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Eye diseases


It is a benign lesion, although it can grow and interfere with vision.
It is particularly common between the ages of 20 and 50, in rural and warm areas.
Protecting yourself from the sun is the main preventative measure against pterygium.

What is pterygium?

Pterygium is an overgrowth of the conjunctiva (membrane that covers the sclera, the white part of the eyeball) in such a way that it “invades” the cornea (transparent layer that acts as the front lens of the eye). It tends to be triangular in shape and usually occurs in the nasal area or inside the eye, although it can also affect the temporal area or both.

Although it is a benign lesion, its gradual growth can cause it to get large enough to interfere with vision.

Especially in the early stages, pterygium may go unnoticed, and you may not notice anything. However, as it develops, becomes inflamed or the adjacent cornea dries out due to poor tear film distribution.

A burning sensation is also frequent, as well as the loss of visual acuity, when the invasion of tissue alters the curvature of the cornea, hence causing astigmatism, or even partially or totally covers the visual axis.

Exposure to ultraviolet radiation and environmental factors (dry, dusty environments …) are the main risk factors for pterygium. Therefore, the main preventative measure we recommend is to protect your eyes with sunglasses outdoors.

This disease is more common in rural than urban areas and, generally, more common in hot climates, while prevailing in countries that are located on or near the equator.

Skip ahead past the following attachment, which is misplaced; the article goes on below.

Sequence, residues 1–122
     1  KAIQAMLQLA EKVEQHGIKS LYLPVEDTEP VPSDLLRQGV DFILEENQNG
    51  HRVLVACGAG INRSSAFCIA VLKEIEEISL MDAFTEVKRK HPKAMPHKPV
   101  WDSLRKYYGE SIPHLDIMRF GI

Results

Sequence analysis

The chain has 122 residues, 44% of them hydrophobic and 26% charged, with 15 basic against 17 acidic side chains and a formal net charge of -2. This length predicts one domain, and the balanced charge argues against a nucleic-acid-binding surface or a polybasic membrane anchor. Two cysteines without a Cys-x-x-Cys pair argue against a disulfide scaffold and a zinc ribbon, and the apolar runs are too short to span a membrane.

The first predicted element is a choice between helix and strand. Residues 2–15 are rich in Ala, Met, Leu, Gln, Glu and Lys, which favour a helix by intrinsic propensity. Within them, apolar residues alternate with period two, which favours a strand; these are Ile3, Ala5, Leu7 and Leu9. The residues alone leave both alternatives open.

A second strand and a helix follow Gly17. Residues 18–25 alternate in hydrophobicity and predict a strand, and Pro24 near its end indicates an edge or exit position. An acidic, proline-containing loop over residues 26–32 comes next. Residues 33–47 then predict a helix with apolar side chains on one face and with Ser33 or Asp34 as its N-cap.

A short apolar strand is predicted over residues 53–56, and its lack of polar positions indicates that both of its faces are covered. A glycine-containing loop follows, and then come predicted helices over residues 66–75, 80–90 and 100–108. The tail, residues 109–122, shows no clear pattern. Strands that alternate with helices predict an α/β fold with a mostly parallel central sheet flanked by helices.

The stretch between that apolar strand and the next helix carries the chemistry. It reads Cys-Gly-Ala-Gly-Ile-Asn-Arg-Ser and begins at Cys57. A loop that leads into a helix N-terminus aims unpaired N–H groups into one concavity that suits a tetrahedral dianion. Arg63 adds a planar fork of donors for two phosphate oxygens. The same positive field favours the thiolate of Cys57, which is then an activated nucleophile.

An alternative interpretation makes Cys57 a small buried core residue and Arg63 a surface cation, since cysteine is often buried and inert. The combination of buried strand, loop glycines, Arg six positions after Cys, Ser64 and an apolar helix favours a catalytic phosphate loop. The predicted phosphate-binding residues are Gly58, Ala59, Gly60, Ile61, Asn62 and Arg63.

The possibility of developing pterygium also increases with age (although it is more common in population groups between the age of 20 and 50) and if you suffer from chronic dry eye or recurrent conjunctival inflammations.

If pterygium causes you discomfort, using lubricating eye drops (artificial tears) can help relieve it. However, when the lesion continues to grow and affects visual quality, it may be necessary to perform surgery, as there is no drug treatment that will make pterygium disappear.

Surgery is performed on an outpatient basis under local anaesthesia and consists of removing the thickened tissue that invades the cornea. Subsequently, we suture the conjunctiva or place a conjunctiva graft from the patient themselves, extracted from the area that covers the upper eyelid. This graft is usually attached with tissue adhesives (biological glues), so that it does not require stitches.

The main advantage of the conjunctival autograft over direct suture is that, with the autograft, we decrease the risk of pterygium growing back.

In the most severe cases, we can also perform a limbal autograft (transition area between the cornea and the conjunctiva) for greater safety.